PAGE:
A judge in Little Rock, Ark., has granted class status in a federal lawsuit against Wal-Mart Stores Inc. in which the company is accused of discriminating against black applicants for jobs driving Wal-Mart trucks.
In his ruling, U.S. District Judge William R. Wilson Jr. said drivers at Wal-Mart were recruited largely through word-of-mouth and applicants would be screened by a committee of drivers. The judge noted none of the committees at Wal-Mart’s various hiring sites had a majority of African Americans and some had no blacks, despite a company rule that the panels be 50 percent diverse.
The ruling opens the class to all black applicants in the continental U.S. who were turned down for Wal-Mart trucking jobs since Sept. 22, 2001, and all blacks who contend they were prevented from applying due to Wal-Mart practices.
Any plaintiffs seeking punitive damages would have to do so in a separate law suit after the class action is tried, the ruling said.
Wal-Mart spokesman John Simley said the company may fight Wilson’s ruling and says the allegation of discrimination is wrong.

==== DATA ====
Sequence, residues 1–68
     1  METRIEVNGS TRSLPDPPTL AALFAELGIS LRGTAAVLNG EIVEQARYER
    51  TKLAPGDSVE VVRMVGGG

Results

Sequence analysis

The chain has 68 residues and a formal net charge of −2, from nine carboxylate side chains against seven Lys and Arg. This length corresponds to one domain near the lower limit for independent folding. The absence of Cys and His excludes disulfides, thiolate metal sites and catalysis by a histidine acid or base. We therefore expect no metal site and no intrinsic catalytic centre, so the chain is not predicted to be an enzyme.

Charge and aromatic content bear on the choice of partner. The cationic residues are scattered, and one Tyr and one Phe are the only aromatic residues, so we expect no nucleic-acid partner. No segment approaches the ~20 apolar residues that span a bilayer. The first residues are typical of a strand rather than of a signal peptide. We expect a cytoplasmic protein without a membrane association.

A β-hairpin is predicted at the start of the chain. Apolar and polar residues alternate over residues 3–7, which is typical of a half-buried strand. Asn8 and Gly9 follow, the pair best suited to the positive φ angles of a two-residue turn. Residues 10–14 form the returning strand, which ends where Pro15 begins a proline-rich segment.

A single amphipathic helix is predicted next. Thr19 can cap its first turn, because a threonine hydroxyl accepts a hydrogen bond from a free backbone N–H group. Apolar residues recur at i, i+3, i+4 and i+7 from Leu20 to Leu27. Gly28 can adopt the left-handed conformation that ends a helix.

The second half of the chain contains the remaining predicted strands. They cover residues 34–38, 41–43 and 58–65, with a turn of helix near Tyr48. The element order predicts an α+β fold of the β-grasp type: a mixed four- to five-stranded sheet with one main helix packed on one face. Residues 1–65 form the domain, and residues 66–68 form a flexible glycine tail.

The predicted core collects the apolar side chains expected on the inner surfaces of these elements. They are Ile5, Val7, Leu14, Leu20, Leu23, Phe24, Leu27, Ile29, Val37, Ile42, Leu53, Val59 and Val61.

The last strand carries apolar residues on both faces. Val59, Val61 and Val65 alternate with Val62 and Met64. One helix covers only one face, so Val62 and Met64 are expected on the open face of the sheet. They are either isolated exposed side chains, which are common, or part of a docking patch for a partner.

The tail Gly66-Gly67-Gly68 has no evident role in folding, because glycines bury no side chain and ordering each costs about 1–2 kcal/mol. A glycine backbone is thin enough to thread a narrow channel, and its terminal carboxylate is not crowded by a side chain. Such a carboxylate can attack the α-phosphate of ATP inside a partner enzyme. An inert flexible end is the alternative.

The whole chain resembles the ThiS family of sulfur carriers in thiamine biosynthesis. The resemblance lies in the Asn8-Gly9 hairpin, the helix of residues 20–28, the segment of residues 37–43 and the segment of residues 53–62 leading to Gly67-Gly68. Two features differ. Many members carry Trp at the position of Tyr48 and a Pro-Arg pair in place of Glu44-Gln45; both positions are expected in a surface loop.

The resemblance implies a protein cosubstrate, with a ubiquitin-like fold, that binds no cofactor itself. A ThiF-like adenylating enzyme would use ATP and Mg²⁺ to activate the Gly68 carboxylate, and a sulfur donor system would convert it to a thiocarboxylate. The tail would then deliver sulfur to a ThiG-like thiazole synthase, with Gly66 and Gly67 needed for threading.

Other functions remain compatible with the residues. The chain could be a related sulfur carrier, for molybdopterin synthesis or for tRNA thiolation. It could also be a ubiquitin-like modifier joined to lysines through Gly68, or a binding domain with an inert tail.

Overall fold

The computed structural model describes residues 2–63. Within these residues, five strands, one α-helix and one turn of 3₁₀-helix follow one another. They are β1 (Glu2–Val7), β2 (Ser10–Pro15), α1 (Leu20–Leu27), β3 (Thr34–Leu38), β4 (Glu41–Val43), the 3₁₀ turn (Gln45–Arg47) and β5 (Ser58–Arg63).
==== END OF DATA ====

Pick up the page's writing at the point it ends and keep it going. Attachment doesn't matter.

“We disagree with the district court’s decision and are considering an appeal. We believe that the case will be resolved in Wal-Mart’s favor once the merits of the case are addressed. It’s important to remember, the only question the district court decided concerned class-action status. This has nothing to do with the merits of the case or whether the allegations are true,” Simley said.
Plaintiff attorney Hank Bates of Little Rock said the class would include fewer than 10,000 people.
Bentonville-based Wal-Mart has about 8,000 over-the-road truck drivers.
According to Wilson’s ruling, the American Trucking Association found that 15 percent of truckers were black from Jan. 1, 2000, through Sept. 29, 2005. In the same period, 4 percent to 6 percent of Wal-Mart truckers were black.
Other plaintiff lawyers include the John W. Walker and Welch & Kitchens law firms.
Information from: Arkansas Democrat-Gazette, http://www.arkansasonline.com
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